Septal Deviation

A deviated septum is when the septal cartilage dividing your left and right nostrils is crooked to one side.  Surgical repair of a deviated septum does not change the outward appearance of the nose.

The shape of your nasal cavity could be the cause of chronic sinusitis. The nasal septum is the wall dividing the nasal cavity into halves; it is composed of a central supporting skeleton covered on each side by mucous membrane. The front portion of this natural partition is a firm but bendable structure made mostly of cartilage and is covered by skin that has a substantial supply of blood vessels. The ideal nasal septum is exactly midline, separating the left and right sides of the nose into passageways of equal size.

A deviated septum occurs when the septum is severely shifted away from the midline. The most common symptom from a badly deviated or crooked septum is difficulty breathing through the nose. The symptoms are usually worse on one side, and sometimes actually occur on the side opposite the bend. In some cases the crooked septum can interfere with the drainage of the sinuses, resulting in repeated sinus infections.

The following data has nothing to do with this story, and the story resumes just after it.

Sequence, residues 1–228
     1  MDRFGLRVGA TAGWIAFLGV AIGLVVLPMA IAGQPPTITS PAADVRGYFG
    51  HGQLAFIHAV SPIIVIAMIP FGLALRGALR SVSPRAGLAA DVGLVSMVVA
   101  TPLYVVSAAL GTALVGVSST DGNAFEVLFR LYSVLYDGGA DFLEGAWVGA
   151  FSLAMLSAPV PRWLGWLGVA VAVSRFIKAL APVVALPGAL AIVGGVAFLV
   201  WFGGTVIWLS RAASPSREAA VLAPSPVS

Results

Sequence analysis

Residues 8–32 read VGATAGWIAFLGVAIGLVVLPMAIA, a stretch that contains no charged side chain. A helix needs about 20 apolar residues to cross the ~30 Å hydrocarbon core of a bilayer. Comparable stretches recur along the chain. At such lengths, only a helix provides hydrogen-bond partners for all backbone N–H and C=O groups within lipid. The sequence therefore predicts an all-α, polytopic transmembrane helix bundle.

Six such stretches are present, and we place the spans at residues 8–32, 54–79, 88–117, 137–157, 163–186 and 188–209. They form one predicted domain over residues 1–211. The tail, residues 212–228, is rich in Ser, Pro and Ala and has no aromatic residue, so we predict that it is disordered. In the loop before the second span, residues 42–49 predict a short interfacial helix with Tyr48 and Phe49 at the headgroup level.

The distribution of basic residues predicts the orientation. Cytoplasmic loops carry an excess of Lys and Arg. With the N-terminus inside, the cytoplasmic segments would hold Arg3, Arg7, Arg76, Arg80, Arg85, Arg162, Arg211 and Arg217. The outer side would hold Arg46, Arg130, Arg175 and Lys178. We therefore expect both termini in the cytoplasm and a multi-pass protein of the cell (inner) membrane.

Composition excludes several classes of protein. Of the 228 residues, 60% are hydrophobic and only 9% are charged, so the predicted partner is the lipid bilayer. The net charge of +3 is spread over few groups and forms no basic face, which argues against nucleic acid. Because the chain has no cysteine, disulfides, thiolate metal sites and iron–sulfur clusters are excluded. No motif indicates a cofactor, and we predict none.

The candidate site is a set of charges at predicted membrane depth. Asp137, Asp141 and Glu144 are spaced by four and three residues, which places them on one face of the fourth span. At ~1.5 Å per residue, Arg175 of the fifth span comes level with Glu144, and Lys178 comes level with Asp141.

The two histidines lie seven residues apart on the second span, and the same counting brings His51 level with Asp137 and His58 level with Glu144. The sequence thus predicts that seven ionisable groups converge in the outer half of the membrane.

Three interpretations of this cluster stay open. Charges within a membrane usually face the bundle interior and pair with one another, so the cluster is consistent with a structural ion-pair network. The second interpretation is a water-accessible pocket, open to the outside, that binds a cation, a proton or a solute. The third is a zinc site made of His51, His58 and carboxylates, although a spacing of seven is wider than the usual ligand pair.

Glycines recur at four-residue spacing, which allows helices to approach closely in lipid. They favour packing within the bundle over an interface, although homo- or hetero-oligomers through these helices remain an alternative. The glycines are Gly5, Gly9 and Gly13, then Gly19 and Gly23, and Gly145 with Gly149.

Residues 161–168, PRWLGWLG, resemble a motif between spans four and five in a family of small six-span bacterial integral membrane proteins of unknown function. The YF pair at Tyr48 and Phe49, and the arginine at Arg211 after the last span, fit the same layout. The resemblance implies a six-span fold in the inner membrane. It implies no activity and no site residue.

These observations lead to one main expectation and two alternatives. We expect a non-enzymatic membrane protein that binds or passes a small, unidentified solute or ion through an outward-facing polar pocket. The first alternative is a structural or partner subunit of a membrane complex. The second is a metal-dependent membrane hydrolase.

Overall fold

What is Septoplasty?

Septoplasty is the preferred surgical treatment to correct a deviated septum. Michael Bublik, MD specializes in Septoplasty and in the medical and surgical treatment of patients with various nasal and sinus disorders including nasal obstruction, environmental allergies, acute and chronic sinusitis, nasal polyps, and sinus headaches. Dr. Bublik is a board-certified Head and Neck Surgeon and recognized leader in the field and has trained with the leading experts in this surgery. Learn more about Septoplasty



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